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Main Street Monday — Increased Optimism for Women-Owned Businesses

October 15, 2018

By Mary Miller
Contributing Editor, Main Street Monday

Main street Monday — Increased Optimism for Women-Owned Businesses

Women entrepreneurs are celebrating National Women’s Small Business month this October with an increased optimism about the future of their small businesses.

“Every week it seems there is a new survey showing that small business owners are optimistic about their company, the economy, and their future. Almost 85 percent of the women surveyed said improvements in access to capital increased their optimism. I am confident that the Small Business Administration (SBA) lending process will be even stronger after the legislation I introduced, the Small Business 7(a) Lending Oversight Reform Act, became law in June. The new law provides greater certainty for entrepreneurs as they work to obtain an SBA loan, while also strengthening oversight over the SBA’s most popular loan program,” says Chairman Steve Chabot (R-OH).

During the past decade, women entrepreneurs have had more difficulties kicking off, much less expanding, a small business due in large part to securing the necessary capitol. Today, the future is brighter.

A new study recently released by Bank of America confirms this brighter future:

  • 58% of women entrepreneurs feel their revenues will increase within the next year (up 44% from last year)
  • Over 50% of women surveyed have plans to grow their businesses within the next 5 years
  • 21% of the women surveyed plan on hiring additional staff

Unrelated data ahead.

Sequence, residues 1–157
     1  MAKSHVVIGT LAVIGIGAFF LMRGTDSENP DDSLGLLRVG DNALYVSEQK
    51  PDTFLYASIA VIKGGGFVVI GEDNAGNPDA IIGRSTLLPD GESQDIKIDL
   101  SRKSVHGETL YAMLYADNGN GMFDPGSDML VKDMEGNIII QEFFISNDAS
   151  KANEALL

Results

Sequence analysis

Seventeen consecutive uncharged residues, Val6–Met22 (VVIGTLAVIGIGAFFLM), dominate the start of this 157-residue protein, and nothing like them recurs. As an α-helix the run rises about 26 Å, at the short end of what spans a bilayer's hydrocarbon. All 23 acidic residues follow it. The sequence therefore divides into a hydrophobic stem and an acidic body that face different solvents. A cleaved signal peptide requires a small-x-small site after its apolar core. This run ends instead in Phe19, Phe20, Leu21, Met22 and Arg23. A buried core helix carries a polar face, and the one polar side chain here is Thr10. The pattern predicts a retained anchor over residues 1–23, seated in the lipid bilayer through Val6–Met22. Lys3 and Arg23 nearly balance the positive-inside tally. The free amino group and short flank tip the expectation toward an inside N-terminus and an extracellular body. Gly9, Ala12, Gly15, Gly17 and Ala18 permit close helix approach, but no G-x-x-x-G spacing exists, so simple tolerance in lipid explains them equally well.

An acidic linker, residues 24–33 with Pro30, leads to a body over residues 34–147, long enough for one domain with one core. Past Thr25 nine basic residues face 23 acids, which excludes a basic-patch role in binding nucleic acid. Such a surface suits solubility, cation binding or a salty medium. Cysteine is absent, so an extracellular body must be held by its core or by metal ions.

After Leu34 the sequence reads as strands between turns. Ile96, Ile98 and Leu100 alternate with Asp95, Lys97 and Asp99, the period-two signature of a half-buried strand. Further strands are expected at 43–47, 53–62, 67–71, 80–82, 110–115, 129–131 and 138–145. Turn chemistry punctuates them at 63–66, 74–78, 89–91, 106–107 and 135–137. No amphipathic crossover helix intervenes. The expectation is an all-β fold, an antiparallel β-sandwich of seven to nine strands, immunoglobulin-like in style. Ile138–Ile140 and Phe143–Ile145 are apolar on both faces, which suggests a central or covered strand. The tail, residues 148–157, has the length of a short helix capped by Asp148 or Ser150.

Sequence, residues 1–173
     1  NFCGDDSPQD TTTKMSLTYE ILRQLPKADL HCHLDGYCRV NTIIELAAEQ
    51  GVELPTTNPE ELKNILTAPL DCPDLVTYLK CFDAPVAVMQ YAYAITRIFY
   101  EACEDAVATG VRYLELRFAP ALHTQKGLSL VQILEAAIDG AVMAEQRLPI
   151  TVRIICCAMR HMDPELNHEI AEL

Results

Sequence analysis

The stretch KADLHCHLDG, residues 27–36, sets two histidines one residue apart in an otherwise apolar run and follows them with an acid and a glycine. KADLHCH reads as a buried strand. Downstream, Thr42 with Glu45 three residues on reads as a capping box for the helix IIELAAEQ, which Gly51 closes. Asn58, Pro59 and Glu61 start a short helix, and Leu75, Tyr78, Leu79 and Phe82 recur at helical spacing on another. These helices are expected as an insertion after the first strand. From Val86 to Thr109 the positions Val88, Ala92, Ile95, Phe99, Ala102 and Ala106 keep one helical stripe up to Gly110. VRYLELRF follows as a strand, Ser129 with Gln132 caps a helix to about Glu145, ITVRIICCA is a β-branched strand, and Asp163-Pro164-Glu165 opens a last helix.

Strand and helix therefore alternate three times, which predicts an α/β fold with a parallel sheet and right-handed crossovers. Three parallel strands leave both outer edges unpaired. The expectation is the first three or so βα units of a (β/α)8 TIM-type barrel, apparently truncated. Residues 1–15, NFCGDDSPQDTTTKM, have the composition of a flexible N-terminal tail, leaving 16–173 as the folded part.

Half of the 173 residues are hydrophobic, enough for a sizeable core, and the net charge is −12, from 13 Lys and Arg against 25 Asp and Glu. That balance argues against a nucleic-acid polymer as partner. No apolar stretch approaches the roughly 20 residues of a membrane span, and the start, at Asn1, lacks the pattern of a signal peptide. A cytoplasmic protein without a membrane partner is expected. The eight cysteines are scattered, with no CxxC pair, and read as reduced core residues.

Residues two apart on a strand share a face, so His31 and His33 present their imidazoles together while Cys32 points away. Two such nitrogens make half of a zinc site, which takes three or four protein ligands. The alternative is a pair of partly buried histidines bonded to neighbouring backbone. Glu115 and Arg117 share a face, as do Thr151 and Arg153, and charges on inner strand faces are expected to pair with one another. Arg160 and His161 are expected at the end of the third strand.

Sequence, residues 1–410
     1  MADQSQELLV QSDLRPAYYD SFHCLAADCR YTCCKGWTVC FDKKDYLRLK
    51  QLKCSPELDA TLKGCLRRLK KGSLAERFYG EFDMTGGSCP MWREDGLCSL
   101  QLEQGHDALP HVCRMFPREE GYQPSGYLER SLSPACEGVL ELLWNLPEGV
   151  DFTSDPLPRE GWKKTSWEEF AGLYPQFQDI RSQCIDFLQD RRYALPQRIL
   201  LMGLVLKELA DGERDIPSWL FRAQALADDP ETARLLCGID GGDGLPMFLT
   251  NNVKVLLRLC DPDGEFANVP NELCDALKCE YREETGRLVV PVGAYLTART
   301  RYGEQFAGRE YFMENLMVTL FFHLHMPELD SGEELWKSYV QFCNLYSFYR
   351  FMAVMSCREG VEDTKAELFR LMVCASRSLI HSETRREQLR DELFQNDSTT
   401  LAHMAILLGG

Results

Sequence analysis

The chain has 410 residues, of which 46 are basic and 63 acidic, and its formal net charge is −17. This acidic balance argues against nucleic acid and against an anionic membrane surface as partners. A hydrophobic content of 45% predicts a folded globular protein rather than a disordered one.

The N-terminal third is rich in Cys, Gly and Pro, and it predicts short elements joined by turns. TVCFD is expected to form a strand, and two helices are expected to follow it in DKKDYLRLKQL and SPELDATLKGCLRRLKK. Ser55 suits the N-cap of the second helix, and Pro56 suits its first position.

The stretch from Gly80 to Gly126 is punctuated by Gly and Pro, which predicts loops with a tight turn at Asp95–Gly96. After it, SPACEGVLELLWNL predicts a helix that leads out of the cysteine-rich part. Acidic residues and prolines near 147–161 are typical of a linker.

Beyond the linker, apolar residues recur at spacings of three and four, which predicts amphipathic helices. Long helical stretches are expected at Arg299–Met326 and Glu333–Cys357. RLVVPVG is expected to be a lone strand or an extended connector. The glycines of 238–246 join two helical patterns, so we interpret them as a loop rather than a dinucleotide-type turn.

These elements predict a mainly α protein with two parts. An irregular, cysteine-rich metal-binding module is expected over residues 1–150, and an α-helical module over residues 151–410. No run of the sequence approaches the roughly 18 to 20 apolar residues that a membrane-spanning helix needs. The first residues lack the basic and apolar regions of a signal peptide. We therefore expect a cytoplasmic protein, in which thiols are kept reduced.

The SBA is dedicated to assist small business owners start and expand their businesses by providing support and resources to accomplish these goals.

Some of the SBA resources available to give women entrepreneurs a helping hand include:

  • The Office of Women’s Business Ownership which offers business education, training, access to capitol and/or credit and marketing resources throughout its 68 SBA district offices.
  • The SBA’s Women’s Business Centers, which provide, among other things, coaching and training resources for women entrepreneurs. With 116 business centers located across the country, last year the centers supported over 150,000 women who went on to account for revenue to the tune of approximately $1.7 billion, plus 17,000 new jobs.
  • Access to federal government funding allocated to small businesses owned by women. The SBA assists women in the process of obtaining these funds for use in starting and growing their businesses. Last year, $20.8 billion in awarded through contracts via government funds were secured by women-owned small businesses.

Ask April Lukasik, a Connecticut-based mother unable to find a high-quality childcare in her community. By taking advantage of SBA resources, she went on to start her first Bright and Early Children’s Learning Center. In 2018, she has expanded her business to open four more childcare centers and was honored as Connecticut’s Small Business Person of the Year.

“Without the SBA, I absolutely would not have been able to build the business I have,” says Lukasik. “They were the only place I could find to lend me money with no experience and no real estate capital, and they took a chance on me. Twenty years later, I’m so grateful for the opportunity and the faith the SBA has had in me.”

The SBA Office of Advocacy reports that across the United States, women own over 11 million businesses and employ approximately 9 million workers.

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